SchoolArts Magazine

December 2016

SchoolArts is a national art education magazine committed to promoting excellence, advocacy, and professional support for educators in the visual arts since 1901.

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Page 34 of 54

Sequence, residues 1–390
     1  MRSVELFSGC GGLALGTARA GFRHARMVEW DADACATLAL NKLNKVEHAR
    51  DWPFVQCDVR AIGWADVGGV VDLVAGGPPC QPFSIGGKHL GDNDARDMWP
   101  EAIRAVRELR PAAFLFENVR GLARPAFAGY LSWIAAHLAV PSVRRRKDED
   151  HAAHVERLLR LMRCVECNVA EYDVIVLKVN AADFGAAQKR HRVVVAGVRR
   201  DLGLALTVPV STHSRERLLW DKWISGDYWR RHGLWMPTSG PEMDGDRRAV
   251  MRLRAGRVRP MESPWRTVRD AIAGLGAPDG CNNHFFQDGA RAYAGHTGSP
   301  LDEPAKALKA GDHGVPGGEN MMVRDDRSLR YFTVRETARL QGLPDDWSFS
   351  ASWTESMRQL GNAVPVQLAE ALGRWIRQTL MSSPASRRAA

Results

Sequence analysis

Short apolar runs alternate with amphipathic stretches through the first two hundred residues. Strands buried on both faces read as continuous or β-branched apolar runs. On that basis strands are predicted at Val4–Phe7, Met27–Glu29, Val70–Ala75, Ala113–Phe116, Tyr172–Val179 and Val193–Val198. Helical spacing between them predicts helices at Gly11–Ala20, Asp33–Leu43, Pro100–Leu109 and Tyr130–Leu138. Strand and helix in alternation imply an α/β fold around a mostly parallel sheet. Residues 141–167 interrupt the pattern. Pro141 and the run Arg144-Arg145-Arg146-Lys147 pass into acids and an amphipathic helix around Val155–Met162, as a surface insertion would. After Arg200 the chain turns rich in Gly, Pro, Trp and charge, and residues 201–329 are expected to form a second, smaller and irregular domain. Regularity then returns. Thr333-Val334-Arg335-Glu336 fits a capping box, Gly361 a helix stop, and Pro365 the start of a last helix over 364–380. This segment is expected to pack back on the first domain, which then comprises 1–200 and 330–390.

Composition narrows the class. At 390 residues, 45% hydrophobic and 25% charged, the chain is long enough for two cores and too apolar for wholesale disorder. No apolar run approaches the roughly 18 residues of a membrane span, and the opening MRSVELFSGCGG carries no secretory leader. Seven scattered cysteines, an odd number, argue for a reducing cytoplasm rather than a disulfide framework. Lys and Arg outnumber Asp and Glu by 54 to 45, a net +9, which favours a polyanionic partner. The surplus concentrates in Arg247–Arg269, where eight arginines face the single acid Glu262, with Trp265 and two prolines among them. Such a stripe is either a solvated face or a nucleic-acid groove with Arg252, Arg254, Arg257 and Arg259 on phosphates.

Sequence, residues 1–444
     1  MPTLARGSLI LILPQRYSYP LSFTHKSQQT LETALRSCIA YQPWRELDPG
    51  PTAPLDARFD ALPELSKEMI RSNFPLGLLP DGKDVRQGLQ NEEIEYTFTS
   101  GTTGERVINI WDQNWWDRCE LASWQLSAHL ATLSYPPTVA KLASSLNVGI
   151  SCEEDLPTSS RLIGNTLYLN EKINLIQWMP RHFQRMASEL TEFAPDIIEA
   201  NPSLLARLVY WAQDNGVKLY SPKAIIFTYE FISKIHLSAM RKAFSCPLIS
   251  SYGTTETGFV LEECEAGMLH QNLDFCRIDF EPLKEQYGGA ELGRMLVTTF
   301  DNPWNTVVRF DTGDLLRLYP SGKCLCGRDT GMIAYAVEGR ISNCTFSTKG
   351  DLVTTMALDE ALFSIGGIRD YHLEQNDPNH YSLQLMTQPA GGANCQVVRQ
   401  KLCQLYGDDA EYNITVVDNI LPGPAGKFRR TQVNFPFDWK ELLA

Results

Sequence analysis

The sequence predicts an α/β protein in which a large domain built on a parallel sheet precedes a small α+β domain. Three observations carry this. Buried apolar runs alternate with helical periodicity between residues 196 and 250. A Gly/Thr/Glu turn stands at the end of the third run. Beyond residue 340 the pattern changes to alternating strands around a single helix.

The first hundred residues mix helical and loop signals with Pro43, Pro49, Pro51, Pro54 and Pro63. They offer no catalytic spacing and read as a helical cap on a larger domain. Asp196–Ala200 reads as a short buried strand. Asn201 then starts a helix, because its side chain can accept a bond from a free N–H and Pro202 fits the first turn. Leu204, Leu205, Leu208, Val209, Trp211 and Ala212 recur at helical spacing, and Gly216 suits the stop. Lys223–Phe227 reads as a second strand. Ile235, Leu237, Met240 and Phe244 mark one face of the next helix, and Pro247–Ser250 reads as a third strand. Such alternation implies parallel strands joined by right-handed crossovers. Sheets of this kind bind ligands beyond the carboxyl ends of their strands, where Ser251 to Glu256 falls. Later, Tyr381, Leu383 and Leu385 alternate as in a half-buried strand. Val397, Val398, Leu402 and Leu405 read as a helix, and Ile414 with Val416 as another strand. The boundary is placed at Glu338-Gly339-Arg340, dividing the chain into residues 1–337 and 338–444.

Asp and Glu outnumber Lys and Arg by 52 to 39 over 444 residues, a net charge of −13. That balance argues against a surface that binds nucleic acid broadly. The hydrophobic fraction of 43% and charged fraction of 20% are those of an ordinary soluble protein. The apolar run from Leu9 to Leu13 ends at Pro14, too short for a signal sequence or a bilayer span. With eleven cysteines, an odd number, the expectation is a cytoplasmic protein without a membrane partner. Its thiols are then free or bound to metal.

Gaudí-esque I t was an art teacher's dream...dur- ing the summer, I spent ten days in Spain. I was excited to visit three of the world's best museums, all in Madrid: the Museo del Prado, Museo Reina Sofía, and Museo Thyssen- Bornemisza. But what took me by surprise was what awaited me in the port city of Barcelona. I found there the incredible and surreal architec- tural masterpieces of artistic genius Antoni Gaudí. While on a tour of Gaudí's Barce- lona, I was astounded by the many captivating buildings—the famous Sagrada Família Basílica, the Casa Batlló, the Park Güell, and many of Gaudí's other enchanting architec- tural masterpieces. I knew that I had to share Gaudí's inspiring work with my students. Sharing the Sights Upon returning to school, I showed my students images of the spectacular Sagrada Família Basílica, a mystical cathedral; the Surreal Casa Batlló, with its enchanting rooms and a roof like the tail of a dragon; and the magical Park Güell, with its overlooking ter - races, long, winding benches, amazing tile work, and numerous sculptures. Nature Abounds Gaudí's architecture abounds with inspiration from nature. His struc- tures include winding staircases evoking the spiral of a garden snail, columns suggestive of plant life, gates designed with organic patterns from a honeycomb, waves of a leaf or water, lines found in vines, and orna- mentals designed from fruit. Fa ades on the buildings include tile work and stylized mosaics. The fa ade on the balconies of the Casa Batlló evokes images of skulls and bones. Students observed the images with great inter- est and picked up the same enthusi- asm I felt when first viewing them. Multicolored Sculptures Next, I shared with students that they would each create a sculptural tower that incorporated inspiration from nature similar to the way it is seen in Gaudí's works. The sculptures would be created from cylindrical armatures made from recycled materials. The finish of the sculptures would be cre- ated with construction paper torn to appear like the mosaics often seen on Gaudi's constructions, then sealed with a clear acrylic finish. Requirements for the completed sculpture were that it must: stand upright between 12 and 18" in height, include at least two refer- ences to nature, and be multicolored with a mosaic-like finish. Papier-Mâché Towers Students each chose two aspects of nature (and fantasy), such as trees, animals, plants, fruit, dragons, and insects, to incorporate into their tow- ers. They drew fully colored studies before starting their sculptures. Stu- dents used newspaper, cardboard, TOWERS 30 DECEMBER 2016 SchoolArts M I D D L E S C H O O L Michele Kessler I knew that I had to share Gaudí's inspiring work with m students.

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